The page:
USA - Alabama. Divided Supreme Court says execution of Christopher Lee Price can proceed

14 April 2019 :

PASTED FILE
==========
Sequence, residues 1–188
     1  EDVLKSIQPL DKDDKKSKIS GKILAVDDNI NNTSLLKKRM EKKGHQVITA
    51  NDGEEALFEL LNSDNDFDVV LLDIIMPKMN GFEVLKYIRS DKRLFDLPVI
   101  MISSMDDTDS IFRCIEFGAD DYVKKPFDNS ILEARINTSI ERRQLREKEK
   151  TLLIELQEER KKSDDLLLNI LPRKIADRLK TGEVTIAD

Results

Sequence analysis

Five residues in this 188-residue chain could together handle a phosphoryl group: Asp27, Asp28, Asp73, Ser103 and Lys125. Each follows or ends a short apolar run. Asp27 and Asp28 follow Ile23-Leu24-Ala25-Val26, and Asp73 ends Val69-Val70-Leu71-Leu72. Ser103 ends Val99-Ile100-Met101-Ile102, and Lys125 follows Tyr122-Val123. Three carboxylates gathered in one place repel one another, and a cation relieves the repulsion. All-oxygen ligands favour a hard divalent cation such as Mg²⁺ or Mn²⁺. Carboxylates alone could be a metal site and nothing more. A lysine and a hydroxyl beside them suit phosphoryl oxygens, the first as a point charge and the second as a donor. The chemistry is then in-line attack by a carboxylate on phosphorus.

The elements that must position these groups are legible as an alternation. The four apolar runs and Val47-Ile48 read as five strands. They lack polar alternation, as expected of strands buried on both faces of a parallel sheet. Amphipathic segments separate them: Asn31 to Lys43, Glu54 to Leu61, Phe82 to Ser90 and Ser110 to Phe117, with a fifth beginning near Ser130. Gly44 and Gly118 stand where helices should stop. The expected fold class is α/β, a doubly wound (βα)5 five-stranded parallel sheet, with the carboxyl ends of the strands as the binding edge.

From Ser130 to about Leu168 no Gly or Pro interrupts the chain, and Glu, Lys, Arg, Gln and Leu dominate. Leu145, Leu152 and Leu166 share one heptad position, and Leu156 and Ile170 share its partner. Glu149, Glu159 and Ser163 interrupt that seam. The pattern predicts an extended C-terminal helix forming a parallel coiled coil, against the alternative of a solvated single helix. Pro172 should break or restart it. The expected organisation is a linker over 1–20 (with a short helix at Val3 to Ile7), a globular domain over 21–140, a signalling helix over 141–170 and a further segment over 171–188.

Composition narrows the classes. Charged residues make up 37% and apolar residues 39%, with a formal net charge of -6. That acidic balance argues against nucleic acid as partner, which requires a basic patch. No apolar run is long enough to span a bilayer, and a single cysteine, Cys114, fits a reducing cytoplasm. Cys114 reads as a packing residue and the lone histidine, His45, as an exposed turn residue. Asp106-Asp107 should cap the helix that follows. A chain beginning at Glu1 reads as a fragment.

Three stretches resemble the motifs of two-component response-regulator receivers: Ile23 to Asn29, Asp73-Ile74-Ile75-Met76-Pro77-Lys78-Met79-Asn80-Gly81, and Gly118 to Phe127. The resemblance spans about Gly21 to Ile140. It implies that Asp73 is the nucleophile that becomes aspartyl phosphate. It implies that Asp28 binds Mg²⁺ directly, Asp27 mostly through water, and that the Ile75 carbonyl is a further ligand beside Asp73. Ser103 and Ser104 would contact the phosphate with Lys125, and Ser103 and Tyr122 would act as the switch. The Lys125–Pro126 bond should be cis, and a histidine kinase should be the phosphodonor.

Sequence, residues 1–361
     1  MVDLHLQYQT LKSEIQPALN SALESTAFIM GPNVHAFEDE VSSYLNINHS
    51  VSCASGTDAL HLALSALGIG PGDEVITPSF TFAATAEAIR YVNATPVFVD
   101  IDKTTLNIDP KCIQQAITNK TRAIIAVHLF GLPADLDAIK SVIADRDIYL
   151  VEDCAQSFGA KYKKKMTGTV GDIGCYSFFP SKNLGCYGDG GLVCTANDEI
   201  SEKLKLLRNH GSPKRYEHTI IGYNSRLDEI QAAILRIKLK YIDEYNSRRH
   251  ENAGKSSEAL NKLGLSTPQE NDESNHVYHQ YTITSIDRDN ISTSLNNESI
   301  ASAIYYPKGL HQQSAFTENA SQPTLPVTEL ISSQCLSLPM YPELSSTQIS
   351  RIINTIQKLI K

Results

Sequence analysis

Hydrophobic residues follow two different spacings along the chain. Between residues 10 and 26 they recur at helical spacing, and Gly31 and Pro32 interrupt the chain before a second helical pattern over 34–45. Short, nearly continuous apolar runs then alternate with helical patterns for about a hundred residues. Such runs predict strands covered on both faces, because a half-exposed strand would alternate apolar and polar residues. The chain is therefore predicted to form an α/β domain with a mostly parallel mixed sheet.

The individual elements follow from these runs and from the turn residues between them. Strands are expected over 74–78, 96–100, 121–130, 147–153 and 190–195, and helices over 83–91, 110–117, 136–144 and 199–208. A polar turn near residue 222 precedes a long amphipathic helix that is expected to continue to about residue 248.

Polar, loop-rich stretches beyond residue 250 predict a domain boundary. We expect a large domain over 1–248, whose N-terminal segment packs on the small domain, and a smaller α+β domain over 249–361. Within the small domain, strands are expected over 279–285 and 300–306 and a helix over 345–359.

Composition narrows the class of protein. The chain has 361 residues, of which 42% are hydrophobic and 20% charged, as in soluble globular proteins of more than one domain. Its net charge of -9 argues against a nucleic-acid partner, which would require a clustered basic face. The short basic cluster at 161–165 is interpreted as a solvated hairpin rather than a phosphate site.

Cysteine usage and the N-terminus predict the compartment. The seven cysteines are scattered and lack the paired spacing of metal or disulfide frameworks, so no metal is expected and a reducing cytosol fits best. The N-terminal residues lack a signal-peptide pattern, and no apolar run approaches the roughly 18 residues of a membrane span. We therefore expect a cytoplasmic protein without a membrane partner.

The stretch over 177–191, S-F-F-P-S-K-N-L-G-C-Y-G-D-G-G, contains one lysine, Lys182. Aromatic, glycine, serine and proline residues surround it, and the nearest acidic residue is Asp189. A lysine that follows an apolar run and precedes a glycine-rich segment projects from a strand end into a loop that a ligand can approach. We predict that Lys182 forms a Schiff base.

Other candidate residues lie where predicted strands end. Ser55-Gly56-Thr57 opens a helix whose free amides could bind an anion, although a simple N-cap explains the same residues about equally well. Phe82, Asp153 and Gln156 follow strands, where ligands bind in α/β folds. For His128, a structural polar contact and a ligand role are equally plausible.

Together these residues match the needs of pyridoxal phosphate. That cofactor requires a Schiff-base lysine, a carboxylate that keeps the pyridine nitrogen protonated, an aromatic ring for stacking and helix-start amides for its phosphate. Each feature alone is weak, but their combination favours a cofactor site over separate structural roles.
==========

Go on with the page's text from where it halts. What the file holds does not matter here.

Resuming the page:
Divided Supreme Court says execution of Christopher Lee Price can proceed — but the death warrant had already expired. Conservative justices on the Supreme Court overruled lower courts in a middle-of-the-night order and said an Alabama execution could proceed, over the objections of their liberal colleagues who wanted to discuss the case Friday morning. Early in the morning of Friday, April 12, 2019, the Supreme Court of the United States lifted the 60-day stay of execution granted to Price by Federal District Judge Kristi K. DuBose and upheld by the 11th Circuit Court of Appeals. Price was arguing that the execution by lethal injection would cause him severe pain and suffering, violating his 8th Amendment rights, and that he should be allowed to choose to be executed by nitrogen hypoxia. In rejecting Price's claim, the Supreme Court noted that Price had waited too long to make his claim, as death row inmate had the option of selection execution by nitrogen hypoxia last year. Price failed to select nitrogen hypoxia at that time. Although the Supreme Court of the United States lifted the 60-day stay of execution by a vote of 5-4, the decision came after midnight, when Christopher's execution warrent expired. Alabama will now have to request that the courts set a new date of execution. But the 5-to-4 ruling at the Supreme Court indicated that the court’s new conservative majority is far less likely to agree to last-minute stay requests from those facing execution. It also emphasized the stark divide between conservative and liberal justices on capital punishment and the most humane way to carry it out. “What is at stake in this case is the right of a condemned inmate not to be subjected to cruel and unusual punishment in violation of the Eighth Amendment,” wrote Justice Stephen G. Breyer, objecting to the majority’s decision. He added: “To proceed in this matter in the middle of the night without giving all members of the court the opportunity for discussion tomorrow morning is, I believe, unfortunate.” He was joined by his fellow liberal colleagues Ruth Bader Ginsburg, Sonia Sotomayor and Elena Kagan. Price, sentenced to death for his role in murdering an Alabama minister in 1991 with a sword and a dagger, was asking to be executed by inhaling nitrogen gas, a process called nitrogen hypoxia, rather than risk a “botched” execution by injection. Alabama allows nitrogen hypoxia but has never used it in an execution. But the Supreme Court majority said Price had missed his chance to elect that manner of death. In a brief, unsigned order, the court’s conservatives said that death-row inmates in Alabama in June 2018 were given 30 days to elect nitrogen hypoxia. While 48 inmates did so, Price did not. “He then waited until February 2019 to file this action and submitted additional evidence today, a few hours before his scheduled execution time,” said the order from Chief Justice John G. Roberts Jr. and Justices Clarence Thomas, Samuel A. Alito Jr., Neil M. Gorsuch and Brett M. Kavanaugh. That majority earlier this year allowed the execution of a Muslim inmate in Alabama who had complained that he was not allowed an imam by his side at his death, while Christian inmates could have a chaplain with them. The five justices suggested the legal action had come too late. The conservatives also recently rejected an appeal from a Missouri inmate who said that lethal injection in his case could cause excruciating pain — such that perhaps he would choke on his own blood during the process. The court ruled 5 to 4 that Russell Bucklew had not proven that lethal injection would choke him or that another manner of execution would alleviate the problem. Breyer’s dissent revealed the behind-the-scenes maneuvering that accompanies execution stay requests. “Should anyone doubt that death sentences in the United States can be carried out in an arbitrary way, let that person review the following circumstances as they have been presented to our court this evening,” Breyer wrote. Price was scheduled to be executed at 6 pm CDT, on Thursday, April 11, 2019, at the Holeman Correctional Facility in Atmore. After Price obtained stays from judge DuBose and the U.S. Court of Appeals for the 11th Circuit, the state of Alabama asked the Supreme Court to intervene after 9 p.m. Thursday. Breyer wrote that he requested the court take no action until Friday, when the justices were scheduled to meet in private conference to discuss other matters. “I recognized that my request would delay resolution of the application and that the state would have to obtain a new execution warrant, thus delaying the execution by 30 days,” Breyer wrote. “But in my judgment, that delay was warranted, at least on the facts as we have them now.” But he said the majority would not agree to that, “thus preventing full discussion among the court’s members. In doing so, it overrides the discretionary judgment of not one, but two lower courts. Why?” The court’s ruling was emailed to reporters at 2:51 a.m. Friday. While the deliberations proceeded in Washington, Alabama officials decided to halt Price’s execution just before the death warrant expired at midnight. That left them angry as well. “This evening, the state of Alabama witnessed a miscarriage of justice,” Gov. Kay Ivey (R) said in a statement. Price has been convicted of the murder of 57-year-old minister, Bill Lynn, on December 22, 1991. A Fayette County jury in 1993 sentenced Price to death by a vote of 10-2.


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